And now these three remain: faith, hope and love. 1 Corinthians 13:13
Dearest Brothers and Sisters,
Easter is central to the gospel. It is the time of year when we remember the triumph of Jesus over sin, death and Hell. On Good Friday we remember the blood shed for us so that we might go free. On Easter Sunday we remember the glory of the empty tomb. Yet this Easter is like no other. Never before have God’s people not gathered on Easter Sunday. For centuries the Church has gathered on Sunday morning to announce to a sleeping world that “Christ has risen! He has risen indeed!” Though we may be apart from one another and locked inside our homes let’s not forget that Jesus was not locked inside the tomb, nor was he locked in death; instead, he burst forth in glory to set us free!
I wanted to take a brief moment to write to you at Easter to encourage you to remember the words written at the top of this letter.
In these dark and difficult days we can be tempted to spend all of our time focused on the news or various social media. We can be tempted to fall into despair as we watch bustling cities become eerily silent or when we see our leaders hospitalised due to this virus. We can also be tempted to doubt that God is present or that He cares about what is going on in our world. The Bible says something completely different. We are reminded that we are not on our own. We are reminded that our God sits on the throne. We are reminded that he works every evil out for good. Many are already writing about how we can understand this. I’d encourage you to look to John Piper’s book online called Coronavirus and Christ which is available from www.desiringgod.org and also as an audio book.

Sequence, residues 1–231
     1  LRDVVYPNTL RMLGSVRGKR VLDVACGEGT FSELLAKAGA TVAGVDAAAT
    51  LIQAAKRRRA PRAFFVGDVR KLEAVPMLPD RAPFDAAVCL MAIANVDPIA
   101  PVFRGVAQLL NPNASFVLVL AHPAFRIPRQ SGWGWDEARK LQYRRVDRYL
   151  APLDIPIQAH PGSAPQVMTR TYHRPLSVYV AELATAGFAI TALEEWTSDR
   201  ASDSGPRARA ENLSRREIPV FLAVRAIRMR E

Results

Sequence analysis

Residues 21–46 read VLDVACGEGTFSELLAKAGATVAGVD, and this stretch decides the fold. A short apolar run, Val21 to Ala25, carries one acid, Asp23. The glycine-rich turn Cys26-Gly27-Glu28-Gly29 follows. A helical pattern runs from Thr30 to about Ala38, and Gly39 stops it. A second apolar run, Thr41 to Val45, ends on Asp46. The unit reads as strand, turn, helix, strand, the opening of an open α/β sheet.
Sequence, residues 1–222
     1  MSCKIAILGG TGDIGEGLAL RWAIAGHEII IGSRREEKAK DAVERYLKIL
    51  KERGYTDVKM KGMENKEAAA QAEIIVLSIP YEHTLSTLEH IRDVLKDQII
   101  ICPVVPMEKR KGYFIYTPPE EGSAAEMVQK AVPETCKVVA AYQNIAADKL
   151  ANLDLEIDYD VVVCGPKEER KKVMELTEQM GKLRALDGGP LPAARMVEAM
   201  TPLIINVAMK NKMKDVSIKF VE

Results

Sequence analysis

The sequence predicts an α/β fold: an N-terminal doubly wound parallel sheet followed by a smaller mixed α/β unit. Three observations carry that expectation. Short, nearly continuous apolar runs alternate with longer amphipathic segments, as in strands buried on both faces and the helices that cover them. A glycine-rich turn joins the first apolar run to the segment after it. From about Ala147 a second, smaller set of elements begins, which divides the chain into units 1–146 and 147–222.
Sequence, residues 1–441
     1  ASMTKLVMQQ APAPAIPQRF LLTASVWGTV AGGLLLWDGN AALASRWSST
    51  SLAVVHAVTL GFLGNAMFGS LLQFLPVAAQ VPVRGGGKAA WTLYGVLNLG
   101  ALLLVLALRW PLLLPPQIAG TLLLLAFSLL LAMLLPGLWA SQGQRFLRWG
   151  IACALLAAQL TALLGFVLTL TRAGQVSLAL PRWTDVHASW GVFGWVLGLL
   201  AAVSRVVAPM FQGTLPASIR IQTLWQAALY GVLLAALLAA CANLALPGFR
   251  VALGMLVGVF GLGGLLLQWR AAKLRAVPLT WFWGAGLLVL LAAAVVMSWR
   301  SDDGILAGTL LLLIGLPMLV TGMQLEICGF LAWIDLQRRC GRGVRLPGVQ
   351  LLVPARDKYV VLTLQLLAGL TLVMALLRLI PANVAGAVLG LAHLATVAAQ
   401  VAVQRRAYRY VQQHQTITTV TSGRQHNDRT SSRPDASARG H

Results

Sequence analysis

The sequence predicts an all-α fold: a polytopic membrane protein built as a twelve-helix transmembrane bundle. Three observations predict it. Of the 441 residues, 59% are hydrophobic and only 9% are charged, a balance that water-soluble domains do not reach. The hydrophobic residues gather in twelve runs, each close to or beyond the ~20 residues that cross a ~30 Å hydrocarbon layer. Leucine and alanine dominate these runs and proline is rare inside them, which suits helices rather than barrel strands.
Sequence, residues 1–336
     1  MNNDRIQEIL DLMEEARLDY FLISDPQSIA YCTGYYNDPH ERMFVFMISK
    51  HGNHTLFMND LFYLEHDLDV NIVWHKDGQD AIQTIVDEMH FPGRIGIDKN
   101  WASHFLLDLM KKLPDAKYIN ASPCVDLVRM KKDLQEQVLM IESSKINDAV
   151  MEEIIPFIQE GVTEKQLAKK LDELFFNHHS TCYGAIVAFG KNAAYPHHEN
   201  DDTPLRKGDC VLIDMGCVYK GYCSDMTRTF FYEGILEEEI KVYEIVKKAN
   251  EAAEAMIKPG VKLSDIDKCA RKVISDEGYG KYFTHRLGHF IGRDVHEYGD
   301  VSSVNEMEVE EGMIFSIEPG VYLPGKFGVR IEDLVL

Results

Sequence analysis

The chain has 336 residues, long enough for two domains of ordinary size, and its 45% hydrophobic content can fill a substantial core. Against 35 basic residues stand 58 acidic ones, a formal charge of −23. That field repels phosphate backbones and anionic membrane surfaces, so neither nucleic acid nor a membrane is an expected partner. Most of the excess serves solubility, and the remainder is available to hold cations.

Easter is about hope. The Apostle Peter tells us that we have been born into a living hope, a hope in Jesus and in his resurrection. Hope is not foolish and is never shameful. Peter encouraged his readers during the darkest and toughest moments of persecution that the early church suffered, and his words still ring true today. We can hold fast to the truth that in the depth and darkness of Good Friday God does His best work. He rescues us and redeems us. No matter how dark the world may look we have a God who is wrapped in unapproachable light and when we put our hope in Him, He will not abandon us.
1 Corinthians 13 reminds us of what love looks like. It is stripped away from romantic sentimentality and is shown to be the most important. Why do we love? Because He first loved us and gave himself up for us. The Church of Jesus is meant to be a community of faithful love inside and outside church walls. I want to encourage you all to continue loving each other: by phone calls, letters, chats through the window or across fields, providing for each other’s needs and, most importantly, by praying for each other. We have a very simple (yet difficult) command to follow: “Love one another”. May we do so now more than ever.
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